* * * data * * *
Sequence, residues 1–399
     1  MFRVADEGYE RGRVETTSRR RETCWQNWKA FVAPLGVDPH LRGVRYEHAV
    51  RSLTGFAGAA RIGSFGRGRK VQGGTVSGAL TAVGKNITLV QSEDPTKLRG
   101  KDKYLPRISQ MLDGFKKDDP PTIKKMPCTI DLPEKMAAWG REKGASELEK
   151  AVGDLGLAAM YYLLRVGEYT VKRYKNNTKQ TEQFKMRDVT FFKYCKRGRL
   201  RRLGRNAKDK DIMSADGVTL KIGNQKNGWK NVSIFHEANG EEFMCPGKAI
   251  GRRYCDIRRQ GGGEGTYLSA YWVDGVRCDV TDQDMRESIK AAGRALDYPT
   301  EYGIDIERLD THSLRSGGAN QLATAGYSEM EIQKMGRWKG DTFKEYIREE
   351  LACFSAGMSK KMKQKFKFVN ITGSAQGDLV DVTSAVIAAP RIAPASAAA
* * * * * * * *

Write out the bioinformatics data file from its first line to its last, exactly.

Sequence, residues 1–399
     1  MFRVADEGYE RGRVETTSRR RETCWQNWKA FVAPLGVDPH LRGVRYEHAV
    51  RSLTGFAGAA RIGSFGRGRK VQGGTVSGAL TAVGKNITLV QSEDPTKLRG
   101  KDKYLPRISQ MLDGFKKDDP PTIKKMPCTI DLPEKMAAWG REKGASELEK
   151  AVGDLGLAAM YYLLRVGEYT VKRYKNNTKQ TEQFKMRDVT FFKYCKRGRL
   201  RRLGRNAKDK DIMSADGVTL KIGNQKNGWK NVSIFHEANG EEFMCPGKAI
   251  GRRYCDIRRQ GGGEGTYLSA YWVDGVRCDV TDQDMRESIK AAGRALDYPT
   301  EYGIDIERLD THSLRSGGAN QLATAGYSEM EIQKMGRWKG DTFKEYIREE
   351  LACFSAGMSK KMKQKFKFVN ITGSAQGDLV DVTSAVIAAP RIAPASAAA